How common are Zero hours contracts?

There is conflicting evidence of their use in modern workplaces. The Office for National Statistics put the number around 250,000; whilst the Chartered Institute of Personnel Management, CIPD, suggested that around 1 million workers was a truer reflection (based on a labour market survey in 2013). Because of this, further research is being undertaken to obtain more accurate information on the numbers of workers affected.

No-one is forced to accept one of these contracts; but in a recession with jobs hard to find, some workers no doubt feel they have little option other than a zero hours contract.

In the CIPD survey, just 14% of staff reported that their employer often fails to provide them with sufficient hours each week which is probably where the politicians are focused; but this suggests that 86% are broadly ok with the arrangement.

Misusing these arrangements

Sports Direct is facing a tribunal claim over this very issue. Lawyers representing an ex-employee are alleging that 20,000 of the firms 23,000 workers are on zero hours contracts and were denied employment rights as a result, including a bonus share scheme – offered only to “employees”. If the figures are accurate, this does appear to be a very high percentage of the staff on such contracts, and the case may probe why so many staff were engaged on such contracts. The outcome will be of considerable interest to employers and workers alike.

So what actually is a Zero Hours contract?

Employment relationships differ in all sorts of ways, and this has a marked effect on the employment “rights” of the person. Essentially it is an ‘on call’ arrangement between Employer and Employee. Zero hours contracts are used to cope with varying staff requirements, where the Employer is under no obligation to offer an Employee work but, when it does, the Employee is required to accept the offer. Because there is no obligation on the Employer to provide work, there may be gaps between work “assignments”, which means that the worker never has enough continuous service to obtain many employment rights.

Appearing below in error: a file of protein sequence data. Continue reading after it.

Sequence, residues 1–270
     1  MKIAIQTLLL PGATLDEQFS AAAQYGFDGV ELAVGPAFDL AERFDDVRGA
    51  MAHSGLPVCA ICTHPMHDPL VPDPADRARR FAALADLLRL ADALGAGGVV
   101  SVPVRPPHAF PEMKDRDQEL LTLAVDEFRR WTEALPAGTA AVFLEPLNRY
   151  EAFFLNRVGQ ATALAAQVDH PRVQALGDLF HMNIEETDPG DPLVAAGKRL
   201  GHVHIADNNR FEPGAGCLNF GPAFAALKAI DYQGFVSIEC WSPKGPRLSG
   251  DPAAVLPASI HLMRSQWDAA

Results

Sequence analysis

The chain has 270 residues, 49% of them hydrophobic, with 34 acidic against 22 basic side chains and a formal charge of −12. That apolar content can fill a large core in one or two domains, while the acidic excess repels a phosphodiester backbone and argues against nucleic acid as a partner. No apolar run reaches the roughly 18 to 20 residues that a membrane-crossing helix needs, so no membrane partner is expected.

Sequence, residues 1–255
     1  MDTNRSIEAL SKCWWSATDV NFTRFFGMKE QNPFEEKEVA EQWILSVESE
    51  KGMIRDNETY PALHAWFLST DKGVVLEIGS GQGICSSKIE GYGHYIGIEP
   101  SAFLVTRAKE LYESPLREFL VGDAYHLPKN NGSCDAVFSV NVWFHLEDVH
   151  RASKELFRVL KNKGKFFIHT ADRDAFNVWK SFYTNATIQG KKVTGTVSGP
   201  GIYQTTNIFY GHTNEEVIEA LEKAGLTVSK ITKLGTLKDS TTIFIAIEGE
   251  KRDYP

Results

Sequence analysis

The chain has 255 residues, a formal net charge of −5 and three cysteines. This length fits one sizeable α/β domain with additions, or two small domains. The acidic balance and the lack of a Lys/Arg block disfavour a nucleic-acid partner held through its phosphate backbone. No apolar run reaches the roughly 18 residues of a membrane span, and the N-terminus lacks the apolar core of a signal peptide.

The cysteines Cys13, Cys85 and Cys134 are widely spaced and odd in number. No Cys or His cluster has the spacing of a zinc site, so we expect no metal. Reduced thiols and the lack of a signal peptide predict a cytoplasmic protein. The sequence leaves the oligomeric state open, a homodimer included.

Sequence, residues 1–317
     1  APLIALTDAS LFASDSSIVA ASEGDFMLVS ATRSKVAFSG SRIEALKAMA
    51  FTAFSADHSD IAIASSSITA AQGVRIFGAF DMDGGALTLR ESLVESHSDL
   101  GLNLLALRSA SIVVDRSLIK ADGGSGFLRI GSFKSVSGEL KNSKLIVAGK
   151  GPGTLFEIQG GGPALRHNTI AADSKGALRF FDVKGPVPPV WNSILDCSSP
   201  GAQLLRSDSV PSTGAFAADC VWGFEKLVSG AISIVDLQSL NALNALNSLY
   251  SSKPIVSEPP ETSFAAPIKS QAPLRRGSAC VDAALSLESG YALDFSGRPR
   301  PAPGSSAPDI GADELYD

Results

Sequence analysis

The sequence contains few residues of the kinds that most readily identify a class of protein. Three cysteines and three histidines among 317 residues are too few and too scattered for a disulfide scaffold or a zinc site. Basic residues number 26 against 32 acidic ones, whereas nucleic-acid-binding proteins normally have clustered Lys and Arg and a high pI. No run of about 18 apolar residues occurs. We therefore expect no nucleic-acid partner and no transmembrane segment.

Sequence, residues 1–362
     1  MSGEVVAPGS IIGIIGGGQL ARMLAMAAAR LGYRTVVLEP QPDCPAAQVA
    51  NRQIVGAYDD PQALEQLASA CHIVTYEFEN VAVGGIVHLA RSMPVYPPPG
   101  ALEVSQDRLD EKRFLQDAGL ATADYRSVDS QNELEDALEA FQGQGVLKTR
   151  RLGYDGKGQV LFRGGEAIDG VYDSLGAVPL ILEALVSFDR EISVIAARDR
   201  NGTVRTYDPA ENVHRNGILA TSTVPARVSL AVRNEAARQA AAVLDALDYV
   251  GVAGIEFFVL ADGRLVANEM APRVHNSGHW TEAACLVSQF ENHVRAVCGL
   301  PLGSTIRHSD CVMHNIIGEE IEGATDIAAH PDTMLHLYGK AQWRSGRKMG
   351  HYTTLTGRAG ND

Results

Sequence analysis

The term “zero” hours is a little misleading as (again referring to the CIPD report) the average hours worked each week on this type of contract is nearly 20. The “problem” with this type of arrangement is that the worker cannot budget easily as income fluctuates and could even be nothing, hence the title of the contract. The industries with the highest proportion of employers using zero hours contracts were hotels, catering and leisure (48%), education (35%) and healthcare (27%). The workers were generally in low skilled roles and on low incomes.

A different kind of employment relationship is a Casual Agreement. A Casual Worker Agreement is often used when employers have variable demands for staff; such as a care home with varying degrees of room occupancy for example. Under a casual work arrangement, the Employer has no obligation to offer work to an individual and (importantly different from the Zero Hours arrangement) the individual is not required to accept the work when it is offered.

Casual workers are also not considered to be employees working under a contract of employment because there is no mutuality of obligation and, under this arrangement, there is again no continuing employment relationship between assignments.

As a zero hours or casual worker is not classed legally as an employee, they are usually not entitled to receive rights relating to things like grievance, disciplinary, maternity and paternity, sick pay and other employment benefits.

In summary, the contracts themselves are perfectly legitimate and there is no reason to ban their use. However, research and possibly even case law, may indicate that they are open to abuse, particularly in a period of recession when the employer is in a strong position to “force” workers to accept these arrangements and then puts pressure on them to work whatever hours suits the business. If this is the case we can expect legislation to bring a fairer balance into the relationship.

What to find out more about different types of contracts? We offer a wide variety of Employment Law training courses and even have an excellent Full Day Course available on Contracts of Employment. Why not get in touch below for more information?